The Presentation File


The Presentation as a File



A Microsoft PowerPoint presentation is primarily a Windows file like any other. It must have a location, also called a path, which indicates how the file can be retrieved and made available. Although you can create a presentation on the root directory such as the C: drive, it is usually a good idea to create your files, including your presentations, in an easily recognizable folder.

Starting with Microsoft Windows 95 but except in Windows NT 4.0, the operating system creates a folder called My Documents that provides a convenient place for a user to create files. With Windows 2000, XP, and Windows Server 2003, there is also a My Documents folder but because various people may use the same computer, there is a different My Documents folder for each user. When a user logs in, the operating system locates his or her corresponding My Documents folder and makes it available.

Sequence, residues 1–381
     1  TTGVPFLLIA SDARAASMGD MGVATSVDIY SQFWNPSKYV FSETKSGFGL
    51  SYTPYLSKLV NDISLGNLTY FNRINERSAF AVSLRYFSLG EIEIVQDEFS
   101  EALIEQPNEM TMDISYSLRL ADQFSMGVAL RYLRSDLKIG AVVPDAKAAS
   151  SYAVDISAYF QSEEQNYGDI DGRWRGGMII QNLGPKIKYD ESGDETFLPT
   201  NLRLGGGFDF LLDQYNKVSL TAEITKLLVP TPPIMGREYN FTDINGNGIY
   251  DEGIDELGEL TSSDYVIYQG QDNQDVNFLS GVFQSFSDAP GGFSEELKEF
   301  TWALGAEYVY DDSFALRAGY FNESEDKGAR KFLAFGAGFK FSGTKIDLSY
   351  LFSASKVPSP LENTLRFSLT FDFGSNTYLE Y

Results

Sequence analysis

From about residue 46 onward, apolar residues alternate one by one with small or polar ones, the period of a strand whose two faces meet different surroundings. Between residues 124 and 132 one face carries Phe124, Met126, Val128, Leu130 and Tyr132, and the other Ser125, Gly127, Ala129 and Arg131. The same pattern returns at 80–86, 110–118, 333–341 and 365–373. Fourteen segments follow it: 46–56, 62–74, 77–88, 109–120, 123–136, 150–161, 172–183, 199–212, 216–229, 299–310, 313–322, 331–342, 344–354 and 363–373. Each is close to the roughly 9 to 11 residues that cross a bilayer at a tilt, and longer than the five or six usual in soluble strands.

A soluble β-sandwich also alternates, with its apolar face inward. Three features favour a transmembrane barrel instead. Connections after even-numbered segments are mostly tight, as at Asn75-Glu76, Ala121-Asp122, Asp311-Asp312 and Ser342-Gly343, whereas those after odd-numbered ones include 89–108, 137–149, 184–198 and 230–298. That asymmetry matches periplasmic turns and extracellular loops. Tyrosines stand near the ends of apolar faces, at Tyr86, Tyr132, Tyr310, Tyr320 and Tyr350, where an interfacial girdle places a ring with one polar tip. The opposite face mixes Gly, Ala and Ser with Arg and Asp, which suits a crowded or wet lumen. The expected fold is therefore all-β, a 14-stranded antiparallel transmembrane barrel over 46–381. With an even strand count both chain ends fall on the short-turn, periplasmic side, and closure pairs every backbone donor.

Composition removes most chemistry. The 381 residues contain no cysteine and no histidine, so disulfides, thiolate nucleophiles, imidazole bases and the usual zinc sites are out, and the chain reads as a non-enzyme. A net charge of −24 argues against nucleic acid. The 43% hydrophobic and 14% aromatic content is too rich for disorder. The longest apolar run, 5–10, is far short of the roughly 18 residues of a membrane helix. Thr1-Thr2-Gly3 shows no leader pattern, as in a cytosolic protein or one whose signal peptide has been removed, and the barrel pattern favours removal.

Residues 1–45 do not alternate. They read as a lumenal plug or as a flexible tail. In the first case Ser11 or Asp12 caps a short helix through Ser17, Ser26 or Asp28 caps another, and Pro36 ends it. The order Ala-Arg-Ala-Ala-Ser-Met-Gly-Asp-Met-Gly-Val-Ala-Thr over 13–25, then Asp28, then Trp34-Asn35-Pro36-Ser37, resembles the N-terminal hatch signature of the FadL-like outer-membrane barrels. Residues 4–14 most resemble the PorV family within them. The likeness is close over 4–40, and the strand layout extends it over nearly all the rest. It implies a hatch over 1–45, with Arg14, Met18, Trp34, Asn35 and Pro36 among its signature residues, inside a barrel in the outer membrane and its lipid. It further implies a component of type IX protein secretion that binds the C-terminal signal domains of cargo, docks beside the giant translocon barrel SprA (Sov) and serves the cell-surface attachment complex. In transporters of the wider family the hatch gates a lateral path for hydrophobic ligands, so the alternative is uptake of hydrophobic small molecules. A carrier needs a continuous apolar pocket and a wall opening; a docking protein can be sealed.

Practical Learning: Getting the Exercises

  1. Download the Exercises for our lessons
  2. On the File Download dialog box, click Save
  3. In the Save As dialog box, click Save again
  4. When the files have been downloaded, click Run (Windows XPSP2) or click Open
    If necessary, click Run again (WinXP SP2)
  5. You will be prompted for the location of the files. Unless you have a reason to change, click Unzip
  6. When the application has finished unzipping, click OK and click Close

Opening a Presentation

Opening a presentation allows you to view what already exists. There are two main ways you open a presentation in Microsoft PowerPoint:

  • If the presentation was sent to you via email as an attachment, you usually can simply double-click its icon from the email and it would open. If you locate the presentation in Windows Explorer, My Computer, or any other means that allows you to locate its icon, you can simply click its icon to open.

  • If you have just launched Microsoft PowerPoint, on the opening dialog box, you can click OK since the Open radio button would be selected already. If Microsoft PowerPoint is already opened, on the main menu you can click File -> Open. In both case the Open dialog box would come up. This allows you to select the desired file and click Open.

Practical Learning Practical Learning: Opening a Presentation

  1. Start Microsoft PowerPoint
  2. On the left side, click the Open button